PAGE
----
Basic Requirements (12 courses). Concentrators must take a total of 12 (4-credit) courses to meet graduation requirements in Theater, Dance & Media, including the following required tutorials, seminars, and distribution requirements. Students also need to fulfill tech and production training modules and crew membership requirements (see details under Tech Requirements).
TDM 97: Drama, Theater, Theory. (Required of all, and limited to, TDM concentrators): Taught by TDM core faculty, this sophomore tutorial introduces students to the variety of theatrical forms, as well as to the fundamental tools of theatrical analysis.
TDM 98: Junior Tutorial. (Required of all, and limited to, TDM concentrators): This course, taught primarily by advanced graduate students across FAS departments, A.R.T. Institute graduate students, or by lecturers, is designed to integrate classroom study and studio practice in small groups of concentrators. The goal of the tutorial is to test insights generated from critical reading in the context of studio practice and to use the experience of studio practice to reflect back on critical reading. The result of the junior tutorial can be a final performance combined with a written account of the relation between reading, research, and studio practice that has occurred over the course of the semester, or a written project that includes reflections on studio practice.
Courses (see course list)
Four courses focused on critical and scholarly approaches to Theater, Dance & Media. Taught by faculty based in various humanities departments and programs, including (but not limited to) African and African-American Studies, English, Folklore and Mythology, Comparative Literature, Music, History of Art and Architecture, Romance Languages and Literatures, Slavic Languages and Literatures, and Visual and Environmental Studies (V.E.S.), these lectures and seminars develop students’ knowledge in the different components of theater, dance, and media including dramatic literature, design, dramaturgy, musical theater and opera, architecture, dance, story-telling, and acting. Critical courses should not all be taken in a single discipline (dramatic literature, for example) to ensure that students study the various aspects of art making. Students should consult with the DUS and concentration advisors about the distribution of these critical courses.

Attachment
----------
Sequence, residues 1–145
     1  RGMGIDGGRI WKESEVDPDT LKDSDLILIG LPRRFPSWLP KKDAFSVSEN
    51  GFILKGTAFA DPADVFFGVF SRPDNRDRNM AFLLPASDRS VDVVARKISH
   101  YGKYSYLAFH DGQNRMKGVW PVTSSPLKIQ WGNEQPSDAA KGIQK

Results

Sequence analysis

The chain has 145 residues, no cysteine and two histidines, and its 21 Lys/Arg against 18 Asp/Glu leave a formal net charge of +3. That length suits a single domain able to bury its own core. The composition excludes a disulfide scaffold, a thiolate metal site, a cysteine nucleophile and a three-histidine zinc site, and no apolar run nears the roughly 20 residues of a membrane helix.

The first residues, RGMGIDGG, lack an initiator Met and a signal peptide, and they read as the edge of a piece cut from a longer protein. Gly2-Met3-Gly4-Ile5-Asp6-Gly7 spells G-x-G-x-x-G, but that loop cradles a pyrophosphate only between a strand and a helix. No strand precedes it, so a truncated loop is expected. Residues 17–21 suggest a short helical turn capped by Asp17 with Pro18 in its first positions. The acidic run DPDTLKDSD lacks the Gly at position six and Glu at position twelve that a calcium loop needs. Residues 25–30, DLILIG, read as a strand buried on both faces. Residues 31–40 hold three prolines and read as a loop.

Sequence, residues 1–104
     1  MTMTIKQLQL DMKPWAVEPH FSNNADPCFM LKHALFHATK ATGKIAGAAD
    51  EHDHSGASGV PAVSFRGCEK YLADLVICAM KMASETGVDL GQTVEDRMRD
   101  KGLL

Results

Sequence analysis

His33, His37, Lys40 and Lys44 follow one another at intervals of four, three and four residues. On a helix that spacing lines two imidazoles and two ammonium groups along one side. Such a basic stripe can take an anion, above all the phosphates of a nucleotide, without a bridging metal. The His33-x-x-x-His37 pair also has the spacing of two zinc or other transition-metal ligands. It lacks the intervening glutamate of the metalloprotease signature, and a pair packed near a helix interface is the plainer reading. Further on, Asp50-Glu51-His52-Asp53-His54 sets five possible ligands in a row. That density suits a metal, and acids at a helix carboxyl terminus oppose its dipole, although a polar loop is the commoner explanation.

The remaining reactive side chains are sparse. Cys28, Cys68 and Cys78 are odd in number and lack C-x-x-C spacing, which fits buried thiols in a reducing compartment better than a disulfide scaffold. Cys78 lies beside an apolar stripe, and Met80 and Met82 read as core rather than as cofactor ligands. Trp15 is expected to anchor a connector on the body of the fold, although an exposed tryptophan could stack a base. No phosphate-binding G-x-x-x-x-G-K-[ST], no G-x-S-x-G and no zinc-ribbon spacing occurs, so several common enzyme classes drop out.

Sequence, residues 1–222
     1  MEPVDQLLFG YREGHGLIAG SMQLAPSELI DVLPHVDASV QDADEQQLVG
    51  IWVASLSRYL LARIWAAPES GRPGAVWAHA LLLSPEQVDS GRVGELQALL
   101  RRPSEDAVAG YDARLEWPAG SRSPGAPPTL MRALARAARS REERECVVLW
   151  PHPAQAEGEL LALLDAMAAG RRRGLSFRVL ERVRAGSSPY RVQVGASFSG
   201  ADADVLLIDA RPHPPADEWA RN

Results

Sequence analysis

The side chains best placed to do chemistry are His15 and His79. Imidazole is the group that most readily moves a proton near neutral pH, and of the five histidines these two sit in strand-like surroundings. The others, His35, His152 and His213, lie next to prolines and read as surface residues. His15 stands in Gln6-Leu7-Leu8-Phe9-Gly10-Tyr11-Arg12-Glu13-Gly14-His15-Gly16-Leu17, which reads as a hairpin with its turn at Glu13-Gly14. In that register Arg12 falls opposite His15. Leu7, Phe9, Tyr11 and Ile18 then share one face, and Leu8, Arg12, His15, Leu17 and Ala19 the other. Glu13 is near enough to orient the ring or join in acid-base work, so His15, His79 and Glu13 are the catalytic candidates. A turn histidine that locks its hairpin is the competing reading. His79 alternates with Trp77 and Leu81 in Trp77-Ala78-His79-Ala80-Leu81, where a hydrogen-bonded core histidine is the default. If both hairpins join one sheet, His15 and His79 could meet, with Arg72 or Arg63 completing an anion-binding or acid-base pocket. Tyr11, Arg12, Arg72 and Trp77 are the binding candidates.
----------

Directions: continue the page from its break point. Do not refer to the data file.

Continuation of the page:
Four practice-based or studio courses. Taught by the American Repertory Theater (A.R.T.) and dance faculty, lecturers, professors of the practice, or the creative writing faculty in English and other departments, these courses allow students to explore a range of theater, dance, and media practices, including directing, design, acting, dance, choreography, playwriting, dramaturgy, arts entrepreneurship, and work in newer media. These courses often emphasize the relation between research and practice as critical reading is brought to bear on art making. Concentrators should not take all four practice-based courses in a single discipline (acting, for example), but rather should take at least one, preferably two, in another area of theater-making. We expect that students will become familiar with at least one performing arts language (such as Forsythe, Practical Aesthetics, motion design and motion capture, Alexander technique, Laban, viewpoints, or other theater, movement, or other dance systems). Cumulatively, the practice-based courses should provide students with a well-rounded performance experience. Students should discuss their choice of practice-based courses—indeed of all courses—with the DUS and concentration advisors.
- Concentrators must take at least one course, seminar or lecture-based, that spans a substantial time period and includes various genres and forms of theater, dance, and media, examining the continual process of historical adaptation and appropriation. Examples are: A History of Western Drama; American Drama 1787 to the Present; or World Theater.
- Concentrators must take at least one course, either studio-based or seminar-based, focused on non-Western theater or non-traditional performance traditions. Such courses include: Hip-Hop and Spoken Word; Spectral Fictions, Savage Phantasms; Embodied Expression/Expressive Body: Dance in Cultural Context; China on Stage (MIT). (Consult the DUS or Department Administrator for a complete list each year.)
Please also consult the Handbook for Students, under Fields of Concentration, to learn more about TDM requirements.
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